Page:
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Researchers examine long-term outcomes of very preterm infants born in The Netherlands nearly 20 years ago

One out of 10 Dutch teenagers, who were born as very preterm infants in 1983, suffers from a severe disability or handicap. Over half of them face serious difficulties in everyday life and have to cope with learning, attention, and social-emotional problems. In fact, it is possible that as many as 40 percent of these Dutch adolescents will not be able to become fully independent adults. These are the sobering conclusions of a long-term study of Dutch preterm infants, which was supported in part by the Agency for Healthcare Research and Quality (HS08385).

Despite advances in neonatal intensive care since the 1980s, it is not certain that long-term consequences for these infants have improved, note researchers at Leiden University Medical Center and the TNO Institute for Prevention and Health in The Netherlands who conducted the study. However, their study suggests that the long-term outcomes of modern neonatal care can be evaluated at a much earlier age than previously thought. For example, they found that a severe handicap (unable to function without help either due to blindness, deafness, mental retardation, or other disability) was easily detected before 2 years of age and did not disappear thereafter. Much of the impairment in this group of children was also identified at 5 years of age but was not considered to be important, since these children had been very small and/or very sick and were expected to outgrow their impairments. However, later followup demonstrated that such impairments were very predictive for later problems at school.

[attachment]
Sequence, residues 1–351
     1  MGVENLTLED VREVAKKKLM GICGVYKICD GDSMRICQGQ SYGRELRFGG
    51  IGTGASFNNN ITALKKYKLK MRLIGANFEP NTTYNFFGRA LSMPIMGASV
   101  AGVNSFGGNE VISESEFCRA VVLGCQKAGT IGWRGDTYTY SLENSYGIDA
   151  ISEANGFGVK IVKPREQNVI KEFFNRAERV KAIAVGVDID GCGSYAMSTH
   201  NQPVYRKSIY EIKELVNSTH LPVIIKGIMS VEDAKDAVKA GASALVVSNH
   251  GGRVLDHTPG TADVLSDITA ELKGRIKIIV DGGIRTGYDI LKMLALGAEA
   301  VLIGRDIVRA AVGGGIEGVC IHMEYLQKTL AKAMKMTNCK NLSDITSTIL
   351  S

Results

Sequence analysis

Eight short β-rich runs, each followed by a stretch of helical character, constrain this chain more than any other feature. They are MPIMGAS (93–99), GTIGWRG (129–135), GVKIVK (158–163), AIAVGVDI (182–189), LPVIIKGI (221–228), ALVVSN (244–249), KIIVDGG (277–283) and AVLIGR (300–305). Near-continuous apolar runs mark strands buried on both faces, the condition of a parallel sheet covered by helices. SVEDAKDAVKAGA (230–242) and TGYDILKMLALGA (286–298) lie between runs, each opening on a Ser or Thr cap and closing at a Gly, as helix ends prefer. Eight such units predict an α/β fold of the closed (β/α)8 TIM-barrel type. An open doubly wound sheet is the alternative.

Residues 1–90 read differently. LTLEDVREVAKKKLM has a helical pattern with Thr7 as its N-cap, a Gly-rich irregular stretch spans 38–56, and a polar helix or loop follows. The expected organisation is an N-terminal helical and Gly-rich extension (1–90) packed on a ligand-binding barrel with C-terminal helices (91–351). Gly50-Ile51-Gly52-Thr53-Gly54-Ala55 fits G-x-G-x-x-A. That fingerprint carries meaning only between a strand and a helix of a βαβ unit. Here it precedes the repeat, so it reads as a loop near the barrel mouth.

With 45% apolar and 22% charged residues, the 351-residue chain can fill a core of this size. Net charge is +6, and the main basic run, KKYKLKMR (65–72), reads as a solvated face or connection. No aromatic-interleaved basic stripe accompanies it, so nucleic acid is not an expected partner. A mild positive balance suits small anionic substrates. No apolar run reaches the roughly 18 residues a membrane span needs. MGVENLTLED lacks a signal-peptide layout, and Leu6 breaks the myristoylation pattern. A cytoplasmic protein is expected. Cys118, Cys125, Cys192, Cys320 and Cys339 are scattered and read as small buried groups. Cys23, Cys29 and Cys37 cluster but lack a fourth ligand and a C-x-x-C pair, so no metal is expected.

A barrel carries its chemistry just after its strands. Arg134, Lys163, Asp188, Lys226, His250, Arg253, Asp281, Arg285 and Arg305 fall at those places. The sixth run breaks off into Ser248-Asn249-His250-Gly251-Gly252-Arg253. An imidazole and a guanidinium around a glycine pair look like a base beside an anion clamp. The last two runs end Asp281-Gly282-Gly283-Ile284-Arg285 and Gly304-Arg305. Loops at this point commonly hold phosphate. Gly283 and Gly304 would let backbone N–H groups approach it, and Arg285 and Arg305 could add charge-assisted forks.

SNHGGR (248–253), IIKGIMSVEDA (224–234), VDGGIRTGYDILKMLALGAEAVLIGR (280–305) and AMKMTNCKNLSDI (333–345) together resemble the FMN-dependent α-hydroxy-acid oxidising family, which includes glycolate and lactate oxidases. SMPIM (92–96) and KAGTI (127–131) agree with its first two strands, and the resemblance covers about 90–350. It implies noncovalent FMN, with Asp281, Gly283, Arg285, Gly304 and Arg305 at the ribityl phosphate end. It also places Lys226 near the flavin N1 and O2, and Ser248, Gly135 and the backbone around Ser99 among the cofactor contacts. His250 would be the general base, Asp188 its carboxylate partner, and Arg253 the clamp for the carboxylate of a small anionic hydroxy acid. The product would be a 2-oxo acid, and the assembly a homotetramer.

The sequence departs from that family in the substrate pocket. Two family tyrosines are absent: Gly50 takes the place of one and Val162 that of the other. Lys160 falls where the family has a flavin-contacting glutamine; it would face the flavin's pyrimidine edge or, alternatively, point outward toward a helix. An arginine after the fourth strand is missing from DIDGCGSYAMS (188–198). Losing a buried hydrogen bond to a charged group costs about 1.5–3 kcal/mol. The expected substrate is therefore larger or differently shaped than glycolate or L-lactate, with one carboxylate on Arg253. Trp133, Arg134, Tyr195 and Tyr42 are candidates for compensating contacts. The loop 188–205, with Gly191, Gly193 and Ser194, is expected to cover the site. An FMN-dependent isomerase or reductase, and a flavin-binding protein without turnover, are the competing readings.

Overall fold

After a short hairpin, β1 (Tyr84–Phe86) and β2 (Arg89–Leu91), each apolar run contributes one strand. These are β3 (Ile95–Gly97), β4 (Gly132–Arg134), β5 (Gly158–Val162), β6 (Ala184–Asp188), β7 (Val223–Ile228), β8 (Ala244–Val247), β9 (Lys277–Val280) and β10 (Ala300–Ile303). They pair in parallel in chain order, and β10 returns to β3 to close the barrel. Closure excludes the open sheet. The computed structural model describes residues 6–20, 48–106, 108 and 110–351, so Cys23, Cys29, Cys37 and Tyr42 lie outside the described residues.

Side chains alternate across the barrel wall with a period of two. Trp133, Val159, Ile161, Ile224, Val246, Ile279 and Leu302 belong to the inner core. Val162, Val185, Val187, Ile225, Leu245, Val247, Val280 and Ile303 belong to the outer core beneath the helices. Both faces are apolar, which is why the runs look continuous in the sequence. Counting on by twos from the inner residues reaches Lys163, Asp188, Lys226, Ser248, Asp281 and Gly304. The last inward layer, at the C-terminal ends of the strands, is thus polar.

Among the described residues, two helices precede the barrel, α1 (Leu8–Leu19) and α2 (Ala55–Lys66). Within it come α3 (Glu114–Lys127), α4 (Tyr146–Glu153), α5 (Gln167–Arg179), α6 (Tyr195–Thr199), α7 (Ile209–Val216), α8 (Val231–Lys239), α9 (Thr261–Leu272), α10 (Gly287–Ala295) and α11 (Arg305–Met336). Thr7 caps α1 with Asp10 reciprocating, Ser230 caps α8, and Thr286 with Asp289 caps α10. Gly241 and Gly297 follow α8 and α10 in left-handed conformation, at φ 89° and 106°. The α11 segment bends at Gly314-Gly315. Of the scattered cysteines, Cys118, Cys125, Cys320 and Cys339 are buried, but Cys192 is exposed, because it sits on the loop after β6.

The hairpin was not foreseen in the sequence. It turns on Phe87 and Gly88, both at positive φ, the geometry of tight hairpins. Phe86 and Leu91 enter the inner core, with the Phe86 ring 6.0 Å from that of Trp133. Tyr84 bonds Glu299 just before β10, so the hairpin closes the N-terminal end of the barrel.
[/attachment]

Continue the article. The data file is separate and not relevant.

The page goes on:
The incidence of disabilities or mild handicaps increased over time. When the growing child was no longer able to meet increasing expectations in school, the drop-out rate increased. This phenomenon also explained the increasing incidence of school problems with advancing age among the Dutch children. These findings are based on perinatal data on 1,338 infants born in 1983 with a gestational age of under 32 weeks and/or birthweight less than 1,500 g. The infants were assessed at 2 years of age by their pediatricians, at 5 years by a team of investigators, and at 9-14 years by questionnaires completed by parents, teachers, and the children themselves.

See "Looking back in time: Outcome of a national cohort of very preterm infants born in The Netherlands in 1983," by Frans J. Walther, A. Lya den Ouden, and S. Pauline Verloove-Vanhorick, in Early Human Development 59, pp. 175-191, 2000.

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